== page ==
Honey is nourishing and wholesome, particularly for persons with coughs, weak lungs, and short breath. It is balsamic, cleansing, and makes the body soluble.
Great care should be taken to get it fresh and pure; it is apt to turn sour by long keeping.
Mefou-que's method. Take six pounds of honey, a pound and three-quarters of water, two ounces and a quarter of pounded chalk, five ounces of coal, (pulverised, washed, and well dried), the whites of three eggs beaten in three ounces of water, for each pound of honey.
Put the honey, water, chalk, and eggs, into a copper vessel, capable of holding about one-third more than the above quantities; let them boil for two minutes, throw in the coal, mixing it with a spoon, and continue the boiling two minutes longer; then take the saucepan from the fire, and let it stand nearly a quarter of an hour, that the liquor may cool; then take a new sieve (which must be well washed, or it will impart a disagreeable taste), pass the honey through it, taking care to filter the first drops twice, as they generally carry with them some portion of the coal.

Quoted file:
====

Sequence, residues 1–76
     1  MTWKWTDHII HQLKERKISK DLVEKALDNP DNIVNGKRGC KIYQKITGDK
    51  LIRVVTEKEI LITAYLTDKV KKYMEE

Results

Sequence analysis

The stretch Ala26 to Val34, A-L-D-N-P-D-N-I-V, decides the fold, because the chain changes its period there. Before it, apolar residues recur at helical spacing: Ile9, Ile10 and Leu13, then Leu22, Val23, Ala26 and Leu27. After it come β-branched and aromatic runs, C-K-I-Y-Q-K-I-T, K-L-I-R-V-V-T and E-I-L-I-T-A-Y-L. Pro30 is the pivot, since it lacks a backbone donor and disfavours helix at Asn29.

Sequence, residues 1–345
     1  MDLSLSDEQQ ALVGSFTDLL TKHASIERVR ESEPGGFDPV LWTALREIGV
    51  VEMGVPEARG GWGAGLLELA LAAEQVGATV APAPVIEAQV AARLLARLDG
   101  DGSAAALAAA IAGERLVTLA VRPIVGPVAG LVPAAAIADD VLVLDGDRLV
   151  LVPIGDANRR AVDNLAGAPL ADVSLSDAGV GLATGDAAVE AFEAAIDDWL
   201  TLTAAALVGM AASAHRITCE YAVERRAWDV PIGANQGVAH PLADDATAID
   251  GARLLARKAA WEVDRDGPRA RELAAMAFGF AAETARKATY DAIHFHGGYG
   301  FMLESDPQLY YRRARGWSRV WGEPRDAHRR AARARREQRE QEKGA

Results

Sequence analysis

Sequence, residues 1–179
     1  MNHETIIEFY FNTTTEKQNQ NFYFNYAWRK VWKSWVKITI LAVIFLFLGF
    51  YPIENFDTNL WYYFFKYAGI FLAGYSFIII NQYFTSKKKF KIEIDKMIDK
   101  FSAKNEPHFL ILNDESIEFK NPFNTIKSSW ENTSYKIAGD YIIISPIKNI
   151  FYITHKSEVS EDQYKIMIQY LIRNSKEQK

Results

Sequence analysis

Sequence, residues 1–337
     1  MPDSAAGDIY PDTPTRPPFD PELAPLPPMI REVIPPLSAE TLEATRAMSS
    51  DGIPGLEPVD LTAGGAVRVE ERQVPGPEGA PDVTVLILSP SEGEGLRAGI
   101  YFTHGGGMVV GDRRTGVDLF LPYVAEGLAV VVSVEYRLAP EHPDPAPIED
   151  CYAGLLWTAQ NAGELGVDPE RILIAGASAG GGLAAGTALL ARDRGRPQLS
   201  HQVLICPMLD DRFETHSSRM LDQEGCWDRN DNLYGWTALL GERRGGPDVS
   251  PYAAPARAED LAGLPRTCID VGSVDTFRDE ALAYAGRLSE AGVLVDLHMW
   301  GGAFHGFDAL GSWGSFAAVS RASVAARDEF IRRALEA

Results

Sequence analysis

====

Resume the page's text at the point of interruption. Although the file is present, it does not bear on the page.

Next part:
The sirup which still adheres to the coal, and other materials, may be separated as follows: pour boiling water on them until they no longer retain any sweetness; then put these different waters together, set them over a large fire to evaporate, till the sirup only remains. This sirup contracts the flavor of barley sugar, and must not be added to the clarified honey.